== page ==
Writing an essay allows you time to consider carefully what you have to say, so take advantage of that time by planning and writing a first draft within the first few days after the assignment is given, setting it aside for a few days, and then coming back to it to have a fresh look. Examine the soundness of your argument. Reading your essay aloud, perhaps to a friend or classmate, often helps you to examine more carefully what you have written. Check for accuracy, logic, clarity, conciseness, and effective writing. Remove wordiness, vagueness, and excessive generalization. Use active verbs and precise diction. Adjust your sentence structure for variety and emphasis. Check for any grammatical errors—sentence fragments, subject-verb agreement, pronoun reference, verb tenses, and so on. If you have any questions, refer to a good writing manual. There are a number of good writing manuals available: those by Aaron, Buckley, Rook, Rosa, and Troyka, (listed below) are among the ones used by instructors in the English Department. These manuals will give you much fuller information on effective writing—appropriate diction, sentence construction, organization of paragraphs, smooth transitions, unified development, and so on. Improving your writing improves your reading, and your grade.
If you are using secondary sources, use them critically: judge for yourself how applicable and valid they are. Acknowledge your indebtedness precisely so as to avoid plagiarism and to let your reader understand the context of your argument. Use parenthetical documentation in your text and include secondary along with primary texts in your list of works cited at the end of your essay, following the MLA Handbook (Gibaldi). You can receive help in locating secondary sources from your instructor, from the librarian at the reference desk, and from http://www.umanitoba.ca/libraries/, where you will find information not only about using the University libraries but also about writing papers, evaluating information, avoiding plagiarism, and citing sources. All students are obligated to adhere to the University policy on plagiarism: see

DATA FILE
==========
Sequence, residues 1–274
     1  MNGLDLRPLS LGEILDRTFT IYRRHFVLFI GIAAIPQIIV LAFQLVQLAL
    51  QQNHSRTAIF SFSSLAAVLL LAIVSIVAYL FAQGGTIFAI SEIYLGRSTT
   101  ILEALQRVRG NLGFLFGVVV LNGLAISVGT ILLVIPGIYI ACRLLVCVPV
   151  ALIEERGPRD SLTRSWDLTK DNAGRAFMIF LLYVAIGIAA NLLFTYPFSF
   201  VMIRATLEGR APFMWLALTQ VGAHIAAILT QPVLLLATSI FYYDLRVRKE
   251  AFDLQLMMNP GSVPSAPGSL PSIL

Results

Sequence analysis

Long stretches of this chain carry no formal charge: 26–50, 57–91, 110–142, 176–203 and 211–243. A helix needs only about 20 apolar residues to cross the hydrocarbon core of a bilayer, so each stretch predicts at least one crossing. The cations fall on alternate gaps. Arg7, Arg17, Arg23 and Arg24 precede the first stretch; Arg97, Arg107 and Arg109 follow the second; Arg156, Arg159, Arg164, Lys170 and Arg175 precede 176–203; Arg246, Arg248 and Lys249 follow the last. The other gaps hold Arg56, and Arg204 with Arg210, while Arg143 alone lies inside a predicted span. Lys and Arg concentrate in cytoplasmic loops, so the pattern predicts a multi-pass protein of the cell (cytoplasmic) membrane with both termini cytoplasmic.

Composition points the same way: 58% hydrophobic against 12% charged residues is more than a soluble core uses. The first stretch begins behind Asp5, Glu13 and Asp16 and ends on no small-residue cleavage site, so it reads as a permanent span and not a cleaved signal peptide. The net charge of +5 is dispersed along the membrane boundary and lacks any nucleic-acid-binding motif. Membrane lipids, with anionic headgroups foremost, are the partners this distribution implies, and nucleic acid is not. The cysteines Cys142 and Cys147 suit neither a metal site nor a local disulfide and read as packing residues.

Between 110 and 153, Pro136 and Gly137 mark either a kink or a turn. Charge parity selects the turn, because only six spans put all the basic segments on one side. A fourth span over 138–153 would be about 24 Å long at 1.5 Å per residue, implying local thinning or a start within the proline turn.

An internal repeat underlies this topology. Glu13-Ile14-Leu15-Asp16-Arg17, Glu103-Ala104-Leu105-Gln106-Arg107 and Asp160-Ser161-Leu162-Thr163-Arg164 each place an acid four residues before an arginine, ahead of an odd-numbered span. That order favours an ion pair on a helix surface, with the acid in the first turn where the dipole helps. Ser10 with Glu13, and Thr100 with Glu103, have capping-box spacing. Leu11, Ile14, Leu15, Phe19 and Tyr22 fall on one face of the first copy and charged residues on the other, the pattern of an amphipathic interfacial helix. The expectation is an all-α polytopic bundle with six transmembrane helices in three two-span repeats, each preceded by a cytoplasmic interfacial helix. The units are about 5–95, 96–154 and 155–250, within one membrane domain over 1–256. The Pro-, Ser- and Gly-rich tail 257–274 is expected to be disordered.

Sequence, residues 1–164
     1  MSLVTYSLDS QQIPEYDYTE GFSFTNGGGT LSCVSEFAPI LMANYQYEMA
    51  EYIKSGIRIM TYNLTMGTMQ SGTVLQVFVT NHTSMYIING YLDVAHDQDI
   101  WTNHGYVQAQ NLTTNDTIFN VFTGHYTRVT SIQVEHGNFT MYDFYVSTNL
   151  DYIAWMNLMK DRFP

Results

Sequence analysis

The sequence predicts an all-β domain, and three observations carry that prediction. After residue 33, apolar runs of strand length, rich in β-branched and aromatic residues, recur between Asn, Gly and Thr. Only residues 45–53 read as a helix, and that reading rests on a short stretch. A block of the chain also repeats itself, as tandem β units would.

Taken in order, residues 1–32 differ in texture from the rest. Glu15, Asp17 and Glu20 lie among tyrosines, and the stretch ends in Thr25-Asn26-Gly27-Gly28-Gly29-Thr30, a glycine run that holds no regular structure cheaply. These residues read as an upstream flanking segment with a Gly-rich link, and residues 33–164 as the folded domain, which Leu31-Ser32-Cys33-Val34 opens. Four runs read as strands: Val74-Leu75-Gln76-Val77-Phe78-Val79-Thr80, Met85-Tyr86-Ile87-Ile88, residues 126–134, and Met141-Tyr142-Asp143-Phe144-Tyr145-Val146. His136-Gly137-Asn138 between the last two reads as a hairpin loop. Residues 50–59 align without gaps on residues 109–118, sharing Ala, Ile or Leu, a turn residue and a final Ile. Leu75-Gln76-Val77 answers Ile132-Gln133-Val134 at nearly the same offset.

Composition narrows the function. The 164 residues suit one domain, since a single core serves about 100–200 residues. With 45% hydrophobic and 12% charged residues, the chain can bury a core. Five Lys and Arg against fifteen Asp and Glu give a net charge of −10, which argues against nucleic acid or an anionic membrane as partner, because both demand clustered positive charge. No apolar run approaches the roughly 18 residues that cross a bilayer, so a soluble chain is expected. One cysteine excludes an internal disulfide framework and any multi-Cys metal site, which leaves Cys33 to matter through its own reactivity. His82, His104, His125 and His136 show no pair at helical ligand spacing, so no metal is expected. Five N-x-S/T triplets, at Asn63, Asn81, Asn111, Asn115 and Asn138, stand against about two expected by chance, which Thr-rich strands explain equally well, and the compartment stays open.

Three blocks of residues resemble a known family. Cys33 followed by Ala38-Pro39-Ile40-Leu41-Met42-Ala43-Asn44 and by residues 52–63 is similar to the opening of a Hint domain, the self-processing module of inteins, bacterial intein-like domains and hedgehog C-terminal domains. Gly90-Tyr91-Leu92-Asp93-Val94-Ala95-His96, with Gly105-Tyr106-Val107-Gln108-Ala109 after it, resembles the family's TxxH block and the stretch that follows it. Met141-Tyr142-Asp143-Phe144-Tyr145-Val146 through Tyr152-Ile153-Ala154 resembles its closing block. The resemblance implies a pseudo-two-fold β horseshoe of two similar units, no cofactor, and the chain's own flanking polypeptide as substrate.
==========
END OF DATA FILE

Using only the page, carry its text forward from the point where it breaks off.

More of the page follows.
Format your essay according to standard manuscript conventions (also in Gibaldi): double-space with margins of one inch on top, bottom, and both sides. Use only one side of 8½ by 11 inch white paper. Typewritten papers are always preferable; handwriting may be acceptable if it is legible, but ask your instructor first. Number your pages. Provide your name, course name and number, and date along with the title of your essay on the first page.
The guidelines are intended as a basic, generic instructions. They should be adapted to the assignment as given by your instructor.
Aaron, Jane, E., and Elaine Bandor. The Little Brown Essential Handbook for Writers. Toronto: Longman, 2005.
Buckley, Joanne. Fit to Print: The Canadian Student’s Guide to Essay Writing. 6th edition. Toronto: Thompson Nelson, 2004.
Gibaldi, Joseph, and Walter S. Achtert. MLA Handbook for Writers of Research Papers. 6th ed. New York: Modern Language Association, 2003.
Rook, Constance. The Clear Path: A Guide to Writing English Essays. 3rd Canadian ed. Toronto: Nelson Thomson, 2004.
Rosa, Alfred, and Paul Eschholz. The Writer’s Brief Handbook. Toronto: Longman, 2005.
Troyka, Lynn Q. Quick Access: Reference for Writers. 2nd Canadian ed. Toronto: Pearson (Prentice Hall), 2004.